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SHOOTING

The Jump Shot:

Though the jump shot did not become popular until the early 1950s, it is now considered the most effective shot in basketball.

Technique: Prior to jumping into the air for the shot, hold the ball in both hands with your shoulders square to the goal and with your knees slightly bent. The jump into the air is made with an upward thrust by both legs. Height of the jump will vary with the individual but, as a general rule, you will not leap as high as possible but will take a smooth, effortless jump into the air for the shot. As the jump is made the ball is brought to a position slightly above and in front of your head. Your left hand should be under the ball for control and the back of your right hand should be facing you. It is very important that your right elbow be under the ball and on a line between you and the basket. Sight at the goal just under the ball. The shot is released by an upward movement of your right elbow and a simultaneous forward push of your forearm and wrist. Your wrist should snap completely forward to provide a good follow-through.

Balance is very important to the success of the shot. Many shooters fall forward, sideways, or backwards when taking the jump shot; this decreases accuracy and often leads to offensive fouls. You should initiate the shot from a balanced position annd jump straight upwards.

Be sure to practice the jump shot from three situations: (1) from a stationary, or standing, position, (2) after a dribble, and (3) after cutting to receive a pass. Balance and the upward jump are more difficult in the latter two situations but are of no less importance.

J UMP SHOOTING HINTS:

1. Always practice shots you will shoot in a game. If you play center or forward, it is foolish
to spend a great deal of time practicing shots from the guard position, for example.
2. Practice shooting under game conditions if possible.If you can find an opponent to challenge, the competition will be very helpful. If you are shooting alone, use your imagination to dream up games that will challenge you to do your best and that will involve earning a score.
3. Never "force" the shot. If you are closely guarded, pass to someone else or make a maneuver to get open for the shot.
4. Learn to relax when shooting. The more practice you get under competitive situations, the easier it will be for you to relax when shooting.
5. Never attempt wild or "crazy" shots.
6. Always follow through. Flipping the wrist forward as the ball leaves your hand and
virtually pointing at the basket with straight fingers is the correct follow through position.
7. DO NOT SHOOT WHEN A TEAMMATE IS IN A BETTER POSITION TO SHOOT. Though the jump shot did not become popular until the early 1950s, it is now considered the most effective shot in basketball.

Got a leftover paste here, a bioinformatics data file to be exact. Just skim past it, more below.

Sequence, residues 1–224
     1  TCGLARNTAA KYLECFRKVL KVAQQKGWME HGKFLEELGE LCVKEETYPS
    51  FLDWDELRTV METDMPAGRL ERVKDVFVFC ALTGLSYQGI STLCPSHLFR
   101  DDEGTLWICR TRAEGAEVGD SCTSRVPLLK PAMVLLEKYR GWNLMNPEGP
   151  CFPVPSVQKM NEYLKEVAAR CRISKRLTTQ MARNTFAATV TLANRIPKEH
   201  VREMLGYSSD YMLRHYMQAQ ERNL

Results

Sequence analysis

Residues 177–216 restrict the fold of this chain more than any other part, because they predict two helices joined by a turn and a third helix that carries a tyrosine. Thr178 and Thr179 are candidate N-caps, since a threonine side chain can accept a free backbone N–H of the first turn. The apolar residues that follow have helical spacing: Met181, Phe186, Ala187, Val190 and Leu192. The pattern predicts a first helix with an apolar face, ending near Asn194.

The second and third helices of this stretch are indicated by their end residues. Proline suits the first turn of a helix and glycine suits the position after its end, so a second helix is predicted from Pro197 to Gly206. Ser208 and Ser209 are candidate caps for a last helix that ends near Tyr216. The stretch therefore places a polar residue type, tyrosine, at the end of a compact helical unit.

Technique: Prior to jumping into the air for the shot, hold the ball in both hands with your shoulders square to the goal and with your knees slightly bent. The jump into the air is made with an upward thrust by both legs. Height of the jump will vary with the individual but, as a general rule, you will not leap as high as possible but will take a smooth, effortless jump into the air for the shot. As the jump is made the ball is brought to a position slightly above and in front of your head. Your left hand should be under the ball for control and the back of your right hand should be facing you. It is very important that your right elbow be under the ball and on a line between you and the basket. Sight at the goal just under the ball. The shot is released by an upward movement of your right elbow and a simultaneous forward push of your forearm and wrist. Your wrist should snap completely forward to provide a good follow-through.

Balance is very important to the success of the shot. Many shooters fall forward, sideways, or backwards when taking the jump shot; this decreases accuracy and often leads to offensive fouls. You should initiate the shot from a balanced position annd jump straight upwards.

Be sure to practice the jump shot from three situations: (1) from a stationary, or standing, position, (2) after a dribble, and (3) after cutting to receive a pass. Balance and the upward jump are more difficult in the latter two situations but are of no less importance.

JUMP SHOOTING HINTS:

1. Always practice shots you will shoot in a game. If you play center or forward, it is foolish
to spend a great deal of time practicing shots from the guard position, for example.
2. Practice shooting under game conditions if possible.If you can find an opponent to challenge, the competition will be very helpful. If you are shooting alone, use your imagination to dream up games that will challenge you to do your best and that will involve earning a score.
3. Never "force" the shot. If you are closely guarded, pass to someone else or make a maneuver to get open for the shot.
4. Learn to relax when shooting. The more practice you get under competitive situations, the easier it will be for you to relax when shooting.
5. Never attempt wild or "crazy" shots.
6. Always follow through. Flipping the wrist forward as the ball leaves your hand and
virtually pointing at the basket with straight fingers is the correct follow through position.
7. DO NOT SHOOT WHEN A TEAMMATE IS IN A BETTER POSITION TO SHOOT.